9 results
November 16, 2016
Early ecumenical council

In this part of our series on sola scriptura, I want to look at what the earliest Christians living in the decades and centuries immediately following the apostles can teach us about the practice of the Church at that time.

After coming to the conclusion that the New Testament did not teach sola scriptura, the next question for me was: what about the early Church?

How did those closest to the apostolic age think about the relationship between Scripture,...

October 28, 2016

Where exactly does the New Testament teach that the Bible is to function in the Christian’s life and in the life of the Church as the “sole infallible rule of faith and practice”?

Where does it say or imply that the teaching of Scripture is so clear that no authority on Earth would be needed to determine and preserve authentic Christian doctrine—you know, so that individual believers aren’t reading their Bibles and running off in all directions and starting independent churches and...

October 7, 2016
Paul Writing His Epistles by Valentin de Boulogne (17th century)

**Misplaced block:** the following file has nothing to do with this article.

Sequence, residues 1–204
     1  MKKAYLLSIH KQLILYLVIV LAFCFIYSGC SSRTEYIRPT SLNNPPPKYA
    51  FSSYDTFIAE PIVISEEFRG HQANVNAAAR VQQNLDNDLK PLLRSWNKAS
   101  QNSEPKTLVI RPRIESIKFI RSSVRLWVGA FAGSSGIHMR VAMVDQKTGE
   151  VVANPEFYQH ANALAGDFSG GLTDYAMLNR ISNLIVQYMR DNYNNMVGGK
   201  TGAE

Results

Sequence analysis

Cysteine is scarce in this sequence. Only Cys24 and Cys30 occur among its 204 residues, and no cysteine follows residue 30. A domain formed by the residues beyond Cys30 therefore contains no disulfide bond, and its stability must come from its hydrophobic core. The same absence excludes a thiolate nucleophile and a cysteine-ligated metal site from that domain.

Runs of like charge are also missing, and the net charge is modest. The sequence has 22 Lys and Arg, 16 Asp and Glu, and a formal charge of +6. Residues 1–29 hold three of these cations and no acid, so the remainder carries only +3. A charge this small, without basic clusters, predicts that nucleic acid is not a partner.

We saw in Part I that while the apostles were still on the earth, Christians had the benefit of a living magisterium.

In Part II we asked the question: are there hints in the writings of the apostles that indicate they understood that after they died,...

September 19, 2016
The twelve apostles

We’ve seen that the rule of faith and practice for those Christians living during the time of the apostles was not sola scriptura

For them authority resided in the inspired Scripture, the oral teaching of the apostles, and the Church’s leadership as it met in council to settle disputed matters (Acts 15).

Now, someone...

August 29, 2016
A house in Fillmore slid off its foundation in the 1994 Northridge earthquake,

One the great church historians of the nineteenth century, German Lutheran scholar Adolf Harnack, bemoaned the ignorance his mainly Lutheran university students displayed of Catholicism:

I am convinced from constant experience of the fact that the students who leave our schools have the most disconnected and absurd ideas about ecclesiastical history. Some of them know something about Gnosticism, or about other curious and for them worthless details. But of...